So why did unification talks end? Lawton-Forsyth said the six-month discussion involved many complexities. For the initial meeting, each co-chair brought three people to the table to create the taskforce. “We had great consensus in February, and all of us stated what we wanted to do,” she said. Throughout the process, various NAPL and PIA staff members were also involved—at all levels. “That couldn’t have been a harder thing to do, as some would more than likely lose their job [if a union were to happen]. I can’t even think of an instance where self-preservation even came up. I have never witnessed staff being so selfless in something that could jeopardize their jobs.”
The taskforce met again in April and included the CEOs of both organizations to look at due diligence for combing the two entities; they also hired an attorney. During this meeting, the participants wrestled to define the model of the new organization. “It started to become evident that structure was going to be a sticking point,” said Lawton-Forsyth. Another meeting followed in June, and a few more stakeholders were added. In July, three PIA affiliate managers met to evaluate the pros and cons, including what NAPL would bring to the table. (NAPL members did not meet separately or submit ideas to the taskforce). According to Lawton-Forsyth, the PIA affiliate meeting generated a “healthy” discussion, but membership structure remained as a key issue.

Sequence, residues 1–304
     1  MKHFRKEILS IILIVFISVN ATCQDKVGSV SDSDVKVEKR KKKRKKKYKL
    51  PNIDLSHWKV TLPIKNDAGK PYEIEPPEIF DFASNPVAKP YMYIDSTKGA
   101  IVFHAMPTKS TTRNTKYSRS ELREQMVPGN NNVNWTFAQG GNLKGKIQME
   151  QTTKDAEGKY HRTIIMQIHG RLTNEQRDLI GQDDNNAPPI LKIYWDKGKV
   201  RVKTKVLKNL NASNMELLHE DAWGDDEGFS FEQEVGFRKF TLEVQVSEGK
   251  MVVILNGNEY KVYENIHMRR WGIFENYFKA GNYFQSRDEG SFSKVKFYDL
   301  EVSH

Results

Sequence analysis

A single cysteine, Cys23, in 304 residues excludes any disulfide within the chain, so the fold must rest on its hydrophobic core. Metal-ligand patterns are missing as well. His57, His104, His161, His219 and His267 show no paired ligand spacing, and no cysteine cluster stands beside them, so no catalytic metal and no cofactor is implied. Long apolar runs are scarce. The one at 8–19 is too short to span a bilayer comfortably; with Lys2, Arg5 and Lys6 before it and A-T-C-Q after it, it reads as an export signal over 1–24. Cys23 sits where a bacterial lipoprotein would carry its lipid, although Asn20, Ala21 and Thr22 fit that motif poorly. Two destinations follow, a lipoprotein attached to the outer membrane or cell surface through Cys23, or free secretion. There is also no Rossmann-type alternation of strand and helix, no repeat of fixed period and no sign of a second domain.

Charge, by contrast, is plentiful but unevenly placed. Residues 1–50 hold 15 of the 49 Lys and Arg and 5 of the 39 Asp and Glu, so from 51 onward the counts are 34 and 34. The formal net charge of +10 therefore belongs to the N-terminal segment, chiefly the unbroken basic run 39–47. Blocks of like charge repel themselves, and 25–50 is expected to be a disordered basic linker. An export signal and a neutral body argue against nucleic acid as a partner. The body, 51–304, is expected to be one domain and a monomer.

PROPOSED MEMBERSHIP MODELS
When the taskforce met in August, the team vetted the PIA affiliate ideas, and two more PIA affiliate managers were added to the group. NAPL added a few more people, too. “If we couldn’t come to an agreement on how someone became a member, we couldn’t move forward,” said Lawton-Forsyth.
She described three possible membership models:
1) Direct membership (which NAPL employs)
2) Membership via a local affiliate (which PIA employs)
3) A new hybrid model.
Under the hybrid proposal, one could become a member on the national level, local level or both; the member could determine the most appropriate membership. “I really think [a hybrid] could have had some great traction and some great features,” said Lawton-Forsyth. “The taskforce was behind this, but there wasn’t support.”
PIA representatives were concerned about the impact of direct membership on its affiliates, according to Lawton-Forsyth. She added that NAPL probably faced a similar dilemma. “[On the] flip side, I think it’s hard for NAPL to look at affiliates. It’s hard to justify [such a] radical change.”